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The Superfund is part of a law enacted by the US Congress in 1980 which taxes fuel and industries dealing with hazardous chemicals, and empowers the government to act when hazardous waste may be released or has been released into the environment, and needs to be cleaned up. The Superfund tends not to have super funds, as the name implies, for such clean-ups, however. Often money for cleanup for hazardous waste must be taken from other programs, or alternately the company responsible must provide the funds and the labor for a clean-up.
The law establishing the Superfund is the Comprehensive Environmental Response, Compensation, and Liability Act (CERCLA). CERCLA was enacted in direct response to the disaster at the Love Canal. It does cut through some of the red tape in cleaning up environmentally hazardous spills, because the government is empowered to act immediately, and to be on the premises of any private company.
The initial funds raised for the Superfund were approximately one and a half billion US dollars (USD). Now funds in the Superfund are approximately eight and a half billion USD. These monies remain in a trust fund, so that money can be earned upon them, pending their need in a disastrous release of chemicals. Environmentalists, however, say that the funds are insufficient to deal with large-scale environmental disasters, and that one such disaster would probably completely deplete the funds.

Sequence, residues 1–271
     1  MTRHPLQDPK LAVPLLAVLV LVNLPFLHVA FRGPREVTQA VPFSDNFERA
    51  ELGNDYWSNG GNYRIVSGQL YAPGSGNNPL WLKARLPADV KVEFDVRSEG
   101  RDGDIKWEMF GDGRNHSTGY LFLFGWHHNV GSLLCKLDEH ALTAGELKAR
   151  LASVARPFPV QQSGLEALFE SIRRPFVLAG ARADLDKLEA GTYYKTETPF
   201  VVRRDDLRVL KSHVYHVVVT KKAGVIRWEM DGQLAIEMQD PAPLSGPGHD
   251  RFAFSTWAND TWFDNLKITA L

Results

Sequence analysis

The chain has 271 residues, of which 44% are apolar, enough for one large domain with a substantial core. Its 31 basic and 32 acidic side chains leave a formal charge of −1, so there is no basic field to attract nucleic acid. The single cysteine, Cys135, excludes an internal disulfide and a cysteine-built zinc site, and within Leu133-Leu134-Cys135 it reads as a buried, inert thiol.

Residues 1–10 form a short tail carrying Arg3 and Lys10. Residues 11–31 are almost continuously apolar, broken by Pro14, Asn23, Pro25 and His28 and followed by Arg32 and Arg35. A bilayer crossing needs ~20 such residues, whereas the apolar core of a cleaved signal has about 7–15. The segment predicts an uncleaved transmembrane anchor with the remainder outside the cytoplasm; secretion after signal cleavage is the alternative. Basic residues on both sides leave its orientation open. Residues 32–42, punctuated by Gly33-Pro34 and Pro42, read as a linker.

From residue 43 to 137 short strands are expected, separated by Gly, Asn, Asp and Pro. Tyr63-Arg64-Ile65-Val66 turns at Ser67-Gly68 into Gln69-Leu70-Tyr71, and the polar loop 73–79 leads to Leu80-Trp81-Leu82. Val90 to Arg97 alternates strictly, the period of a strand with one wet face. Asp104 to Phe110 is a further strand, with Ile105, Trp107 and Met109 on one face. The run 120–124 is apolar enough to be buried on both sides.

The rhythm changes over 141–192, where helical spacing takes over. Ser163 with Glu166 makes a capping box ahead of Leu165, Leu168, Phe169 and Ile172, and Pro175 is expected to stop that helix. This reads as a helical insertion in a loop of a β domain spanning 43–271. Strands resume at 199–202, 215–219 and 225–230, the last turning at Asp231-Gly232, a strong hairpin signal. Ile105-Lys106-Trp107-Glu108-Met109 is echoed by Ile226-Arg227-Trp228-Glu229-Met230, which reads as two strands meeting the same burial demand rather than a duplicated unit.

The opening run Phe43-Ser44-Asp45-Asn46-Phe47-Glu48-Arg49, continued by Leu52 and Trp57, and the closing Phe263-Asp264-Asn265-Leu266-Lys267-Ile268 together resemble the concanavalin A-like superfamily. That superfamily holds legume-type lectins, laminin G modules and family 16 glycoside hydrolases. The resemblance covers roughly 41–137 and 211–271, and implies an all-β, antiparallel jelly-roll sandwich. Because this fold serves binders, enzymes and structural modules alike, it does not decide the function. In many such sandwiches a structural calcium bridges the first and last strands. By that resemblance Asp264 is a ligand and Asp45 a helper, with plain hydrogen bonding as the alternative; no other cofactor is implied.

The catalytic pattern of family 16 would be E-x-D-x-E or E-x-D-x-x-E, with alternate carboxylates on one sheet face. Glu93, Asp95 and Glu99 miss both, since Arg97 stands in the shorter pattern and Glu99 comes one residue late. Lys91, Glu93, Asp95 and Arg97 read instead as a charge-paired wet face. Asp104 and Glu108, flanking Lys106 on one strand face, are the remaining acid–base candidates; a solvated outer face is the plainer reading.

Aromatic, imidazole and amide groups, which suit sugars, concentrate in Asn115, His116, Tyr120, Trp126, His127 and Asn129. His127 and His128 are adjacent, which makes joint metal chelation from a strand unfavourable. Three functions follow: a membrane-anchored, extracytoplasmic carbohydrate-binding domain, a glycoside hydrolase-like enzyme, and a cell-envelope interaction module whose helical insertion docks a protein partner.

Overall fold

Since the Superfund is relatively poor, the US government often holds companies liable and responsible financially for cleaning up hazardous materials. Non-compliant companies may be assessed heavy fines for delaying cleaning. However, if a company lacks sufficient resources to clean up a spill and declares bankruptcy, it little matters whether the government has ordered the company to clean up or not. At this point, the government must step in and take action so that the environment, and the people and animals living in it are not further exposed to toxic substances.
Ordering clean-ups and maintaining the Superfund is done at the discretion of the Environmental Protection Agency, established in 1970. The Superfund and CERCLA have certainly had some successful cleanups, but environmentalists are still concerned that the US is not prepared for a major chemical disaster such as a nuclear power plant leak, similar to what occurred in Chernobyl, Russia.
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